Jemima Myers is the founder and director of award-winning digital marketing agency Social Chameleon. She has over eight years of experience working both in-house and as an independent marketing consultant, managing digital marketing activities in the UK and internationally. A graduate in strategic business management from UAL and registered Chartered Manager with the Chartered Management Institute, she specialises in omni-channel marketing and organic social growth strategy.
I have over eight years of experience working both in house and as an independent marketing consultant, managing digital marketing activities for a range of clients in the UK and internationally. A graduate in strategic business management from UAL, and a registered Chartered Manager with the Chartered Management Institute, I specialise in SEO and organic social growth strategy.
I founded ‘Social Chameleon’ – a London-based digital marketing agency, and now have a team of 20 ambitious marketers and digital content creators and now cater for clients globally, helping them manage their global organic strategy through social media management, content creation and search engine optimization (SEO) – amongst other activities!
Not really! I sort of fell into marketing at the age of 18 while trying to decide what I wanted to do as a career. I knew I had always wanted to pursue a business career-path, but I didn’t go to uni after finishing my A-levels, which is the more typical route to follow. At 18, I was offered a role with a fashion company which allowed me to travel internationally, following a volunteer position I had with them.
This threw me in at the deep end, and facilitated me in developing various skills through the challenging and varied work that was given to me.
It also gave me exposure to a number of other businesses which allowed me to develop an understanding of how different companies operate.
About 10 months into launching Social Chameleon, we went nearly two months without onboarding any new clients. It felt as if we were plateauing, and I had no idea what to do next. I was anxious that the agency would never move beyond this level, which made me doubt our work. After talking things through with my partner, we discussed potential ways forward and all the obstacles that Social Chameleon had already overcome. Following this, I developed a forward plan, and the following week I pitched for a 6 figure contract, which a month later we closed.
I suppose making the leap from SMEs to global entities. I worked with SMEs for much of my early career and whilst working with them can be very rewarding, I’ve always had designs for the agency to cater for much larger accounts – after all, we’ve got a fantastic team, so why cap their abilities?
In the last six months we’ve really managed to propel the agency forward, now working with a number of global entities – including a few household brands!
I strongly believe that raw talent is not enough, and a strong work ethic is the key to success.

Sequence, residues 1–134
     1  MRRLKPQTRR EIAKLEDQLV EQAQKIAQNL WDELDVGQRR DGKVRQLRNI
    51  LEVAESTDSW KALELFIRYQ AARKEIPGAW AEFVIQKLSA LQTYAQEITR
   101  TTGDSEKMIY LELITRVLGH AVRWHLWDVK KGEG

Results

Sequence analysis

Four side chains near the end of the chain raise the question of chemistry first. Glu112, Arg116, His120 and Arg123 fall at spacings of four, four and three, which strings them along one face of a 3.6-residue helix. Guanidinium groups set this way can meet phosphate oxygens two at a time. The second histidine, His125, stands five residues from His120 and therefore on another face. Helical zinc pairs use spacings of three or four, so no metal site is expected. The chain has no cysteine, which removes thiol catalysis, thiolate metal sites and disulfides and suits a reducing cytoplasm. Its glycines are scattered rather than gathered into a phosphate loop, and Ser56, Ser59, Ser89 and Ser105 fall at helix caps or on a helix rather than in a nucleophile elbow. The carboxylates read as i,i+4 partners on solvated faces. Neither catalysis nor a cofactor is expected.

If you are naturally capable, but you’re not willing to work hard, you will not achieve the best results.
When I was at school, I was privileged enough to be pretty able academically, often performing in the top percentile of my year. Because of this, when I reached sixth form, I thought I could coast through on natural ability, without real focus on my work. I trusted that I would do well in my A Level exams based on my natural talent. Of course I was wrong, and had a big surprise on results day.
Now being a business owner, and seeing the journeys of many entrepreneurs throughout the years, I can clearly see that it is rarely those with the most talent who get the furthest. Those who work incredibly hard to achieve what they want, and are committed to overcoming any obstacle, they go the furthest. Staunch work ethic is a necessity.
There have been times when I have put in 100-hour weeks – but I must emphasise that I’ve done this by choice, not because I had to.
It depends what is meant by ‘mentor’. In its most literal sense – to guide someone – I would say that I spend almost every day mentoring my team. Whilst many of our team members are already experienced marketers, they still need guidance on agency practices, personal career progression and upskilling. Whilst I’m certainly not an expert in mentorship, these are all things I work with my team on on a daily basis.
I’d increase the education around technology as a career for young women. Tech is still an industry that is heavily dominated by men, and whilst I don’t think there are huge barriers preventing women from entering the industry, I think the association of jobs with men deters women from pursuing it at a younger stage in their careers.
Success isn’t luck – it’s hard work. Growing up, I was often left to believe that success largely came down to “who you know” or being in the “right place, at the right time”.
But as I’ve grown older, I believe success is largely down to how much time and effort you put into something.
Yes, we might get a ‘lucky break’ from time to time, but that lucky break might result from a decision you made or an action you took. I think this view makes a lot of people feel uncomfortable, because it makes them feel accountable for their own success. But the sooner you accept this view, the sooner you can dedicate time to pursuing your goals and achieving them.
We’re currently working on a project that is top-secret – I can’t tell you much about it, but it’s very exciting!